It’s that time of the year, ie. the end. And it’s time to look back at the year past in 3D printing which, being my first whole year of full immersion, I have to say was absolutely amazing. I got to discover first hand so many incredible inventions, explorations, machines… Honestly I can never get enough and I truly hope that this explosion of creativity continues for a long time (since that would mean I would have a job for a long time talking about all that happens). This time it was so hard to choose my top five applications, so I figured that I would write about the first five that came to mind in five different sectors where 3D printing holds great promise for the future: automotive, bioprinting, housing, toys and clothing. Even so sometimes it was hard to just choose one: here is what I came up with:
Local Motor’s Strati
This was an easy one. It collected an incredible amount of generalist media attention but the reason why I am selecting it for my top five is that I was wrong about it. I thought that it was just a great media stunt. I know Local Motors is an amazing and very real company but I figured that this project was only an experiment that had no real applications. I was wrong about that. The Strati is already a lot more than a media stunt, since Local Motors has already moved on to making five of them for further development and experimentation. And the fact that the Strati’s designer is my co-national Michele Anoè, who is an incredibly humble and realistic, talented designer, makes it all the better.
This one may have passed somewhat under the radar. Perhaps because it looks like something not so special at all: a small white cube in ‘normal’ medicine packaging. And yet this synthetic bone grafting material developed by Zurich based RegenHU could soon become the first commercially available bioficial prosthesis, meaning it is an artificial bone implant made with biological 3D printed material. It is used to augment the jaw bone volume in order to provide mechanical stability to support a dental implant. As I wrote before: one small bone for a man, but one gigantic bone for mankind.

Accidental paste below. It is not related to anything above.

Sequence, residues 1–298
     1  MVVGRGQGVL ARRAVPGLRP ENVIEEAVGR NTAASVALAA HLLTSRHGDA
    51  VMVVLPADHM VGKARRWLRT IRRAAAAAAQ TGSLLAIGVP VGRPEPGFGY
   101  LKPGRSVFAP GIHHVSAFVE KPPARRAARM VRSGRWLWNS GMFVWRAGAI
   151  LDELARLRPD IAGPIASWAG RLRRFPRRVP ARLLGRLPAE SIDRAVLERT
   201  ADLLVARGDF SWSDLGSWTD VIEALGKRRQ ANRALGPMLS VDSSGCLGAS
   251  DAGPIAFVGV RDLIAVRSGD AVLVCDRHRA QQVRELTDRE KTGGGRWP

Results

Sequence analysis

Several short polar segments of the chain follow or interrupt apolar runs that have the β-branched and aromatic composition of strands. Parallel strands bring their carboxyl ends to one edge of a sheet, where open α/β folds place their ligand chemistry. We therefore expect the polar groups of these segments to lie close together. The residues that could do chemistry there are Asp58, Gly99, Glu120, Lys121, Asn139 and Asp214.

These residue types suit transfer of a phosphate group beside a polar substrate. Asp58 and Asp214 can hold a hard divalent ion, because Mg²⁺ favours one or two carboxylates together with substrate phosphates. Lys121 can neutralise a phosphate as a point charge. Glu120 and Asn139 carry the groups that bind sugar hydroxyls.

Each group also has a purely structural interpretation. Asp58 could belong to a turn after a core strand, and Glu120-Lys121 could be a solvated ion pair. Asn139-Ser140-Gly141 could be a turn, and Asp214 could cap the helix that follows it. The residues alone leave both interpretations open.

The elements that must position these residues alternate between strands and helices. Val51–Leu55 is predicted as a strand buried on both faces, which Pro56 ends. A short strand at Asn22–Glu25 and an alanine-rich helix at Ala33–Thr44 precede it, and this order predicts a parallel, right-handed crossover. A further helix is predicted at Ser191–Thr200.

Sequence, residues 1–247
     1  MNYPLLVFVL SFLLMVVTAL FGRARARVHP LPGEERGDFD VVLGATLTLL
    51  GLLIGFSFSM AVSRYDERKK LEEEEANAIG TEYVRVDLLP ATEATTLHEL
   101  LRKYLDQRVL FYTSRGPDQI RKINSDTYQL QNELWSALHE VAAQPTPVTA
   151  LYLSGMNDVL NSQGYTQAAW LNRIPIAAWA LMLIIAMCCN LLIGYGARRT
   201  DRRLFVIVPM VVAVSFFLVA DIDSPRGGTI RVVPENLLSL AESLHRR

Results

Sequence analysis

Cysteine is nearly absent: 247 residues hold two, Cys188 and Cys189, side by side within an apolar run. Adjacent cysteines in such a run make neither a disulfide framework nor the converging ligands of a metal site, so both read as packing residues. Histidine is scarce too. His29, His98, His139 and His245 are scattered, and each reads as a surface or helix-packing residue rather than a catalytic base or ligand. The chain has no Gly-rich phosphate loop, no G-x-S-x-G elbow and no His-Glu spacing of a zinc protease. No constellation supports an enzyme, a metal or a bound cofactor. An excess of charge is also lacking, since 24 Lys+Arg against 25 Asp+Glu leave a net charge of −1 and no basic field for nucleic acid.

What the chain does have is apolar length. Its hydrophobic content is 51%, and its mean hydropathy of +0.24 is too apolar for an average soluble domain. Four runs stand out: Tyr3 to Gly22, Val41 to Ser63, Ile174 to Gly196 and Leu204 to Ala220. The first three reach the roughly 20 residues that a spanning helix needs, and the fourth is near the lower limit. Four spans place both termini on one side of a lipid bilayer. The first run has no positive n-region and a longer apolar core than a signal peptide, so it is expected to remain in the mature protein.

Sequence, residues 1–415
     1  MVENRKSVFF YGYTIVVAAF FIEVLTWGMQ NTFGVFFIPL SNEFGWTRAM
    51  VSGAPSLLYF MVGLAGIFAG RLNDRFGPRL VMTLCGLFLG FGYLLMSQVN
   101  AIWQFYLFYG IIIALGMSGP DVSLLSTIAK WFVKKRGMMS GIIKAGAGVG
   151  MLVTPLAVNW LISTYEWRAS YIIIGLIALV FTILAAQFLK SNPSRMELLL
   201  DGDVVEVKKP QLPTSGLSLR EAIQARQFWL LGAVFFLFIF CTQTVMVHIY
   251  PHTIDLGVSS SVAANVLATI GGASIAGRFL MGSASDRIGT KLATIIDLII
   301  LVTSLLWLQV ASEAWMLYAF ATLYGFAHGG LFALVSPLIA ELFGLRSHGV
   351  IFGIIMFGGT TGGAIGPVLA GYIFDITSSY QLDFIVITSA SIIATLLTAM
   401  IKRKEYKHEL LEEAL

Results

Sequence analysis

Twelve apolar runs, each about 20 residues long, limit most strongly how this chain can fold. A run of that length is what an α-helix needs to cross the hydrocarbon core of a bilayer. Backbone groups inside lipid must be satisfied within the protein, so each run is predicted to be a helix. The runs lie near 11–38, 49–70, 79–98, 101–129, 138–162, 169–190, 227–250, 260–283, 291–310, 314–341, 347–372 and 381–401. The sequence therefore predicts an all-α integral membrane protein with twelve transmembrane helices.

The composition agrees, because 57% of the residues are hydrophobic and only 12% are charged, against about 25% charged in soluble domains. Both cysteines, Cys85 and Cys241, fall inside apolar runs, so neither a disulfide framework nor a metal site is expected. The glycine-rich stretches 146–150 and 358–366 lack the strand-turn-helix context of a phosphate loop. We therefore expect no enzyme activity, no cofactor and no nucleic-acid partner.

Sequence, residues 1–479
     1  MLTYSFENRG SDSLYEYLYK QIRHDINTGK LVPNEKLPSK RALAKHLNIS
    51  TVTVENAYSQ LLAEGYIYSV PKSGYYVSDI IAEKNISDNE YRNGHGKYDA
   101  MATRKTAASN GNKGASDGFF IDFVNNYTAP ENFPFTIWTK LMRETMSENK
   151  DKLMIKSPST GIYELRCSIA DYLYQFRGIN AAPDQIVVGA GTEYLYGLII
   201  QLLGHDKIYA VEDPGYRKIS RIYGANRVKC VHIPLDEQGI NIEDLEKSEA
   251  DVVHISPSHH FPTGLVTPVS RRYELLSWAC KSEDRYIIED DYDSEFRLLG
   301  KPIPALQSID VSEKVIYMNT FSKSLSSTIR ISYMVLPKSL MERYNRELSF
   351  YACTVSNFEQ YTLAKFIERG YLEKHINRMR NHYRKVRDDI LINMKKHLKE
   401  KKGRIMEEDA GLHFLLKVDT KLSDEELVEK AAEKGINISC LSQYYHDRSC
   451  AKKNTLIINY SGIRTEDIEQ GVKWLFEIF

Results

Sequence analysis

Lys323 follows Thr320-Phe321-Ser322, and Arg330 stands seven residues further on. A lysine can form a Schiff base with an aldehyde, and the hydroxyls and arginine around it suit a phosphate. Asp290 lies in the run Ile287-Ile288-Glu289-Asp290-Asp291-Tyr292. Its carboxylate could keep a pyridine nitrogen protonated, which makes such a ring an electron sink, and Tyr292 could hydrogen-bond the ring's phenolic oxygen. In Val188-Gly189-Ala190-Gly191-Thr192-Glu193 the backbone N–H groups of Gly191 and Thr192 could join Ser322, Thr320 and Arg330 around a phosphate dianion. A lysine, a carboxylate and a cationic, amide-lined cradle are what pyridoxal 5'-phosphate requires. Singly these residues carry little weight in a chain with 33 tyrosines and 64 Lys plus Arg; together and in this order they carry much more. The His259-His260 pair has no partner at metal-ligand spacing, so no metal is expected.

Emerging Objects’ Quake Column
This one took me a while. There is no doubt that the applications in the housing and architectural sectors are enormous, and not just because of the machinery being developed. However, the first application that came to mind is Andy Rudenko’s backyard castle. As my top pick, though, I chose Emerging Object’s Quake Column because of the vision that Emerging Objects co-founder Ronald Rael explained to me in a recent interview: building the structures of the future one 3D printed brick at a time. Of the Quake Column I also loved the fact that it got its inspiration form the past, from ancient cities like Quzco in Peru, and it is using 3D printing to carry it into the future.
I have always argued that toys will be the first real consumer 3D printed object because the first consumer adopters of the technology will be children who have not yet built up the mental blocks of adults. So a toy will be the first real “killer application” that will make people other than makers (well, making is also a game in a way) go out and buy a desktop 3D printer and that toy might be the 3D Racers. It is an open source project and it is still in its infancy but I’ll say this: when I tried it at Maker Fair Europe in Rome I could not stop playing with it. I cannot even imagine what it would be like if I had actually built that little car myself.
Pensar’s DNA Shoes
How to pick one out of hundred of incredible 3D printing applications in clothing? Well it was the first that came to mind and the reason why, I think, is that it is probably the most forward looking clothing item I remember seeing. Other amazing articles, such as CRP’s belts for Scunzani in Windform or Materialise’s shoes and hats in TPU are even more practical than these multicolor and polyjet Shoes and yet Pensar’s DNA Shoes represent something that one day may very well happen: multimaterial clothing, 3D printed as a single piece to perfectly fit, by using 3D scan data. Before that happens, as Stratasys’ CEO David Resin explained to me, there will need to be a jump in materials science. And that is exactly what we all hope for, in 2015.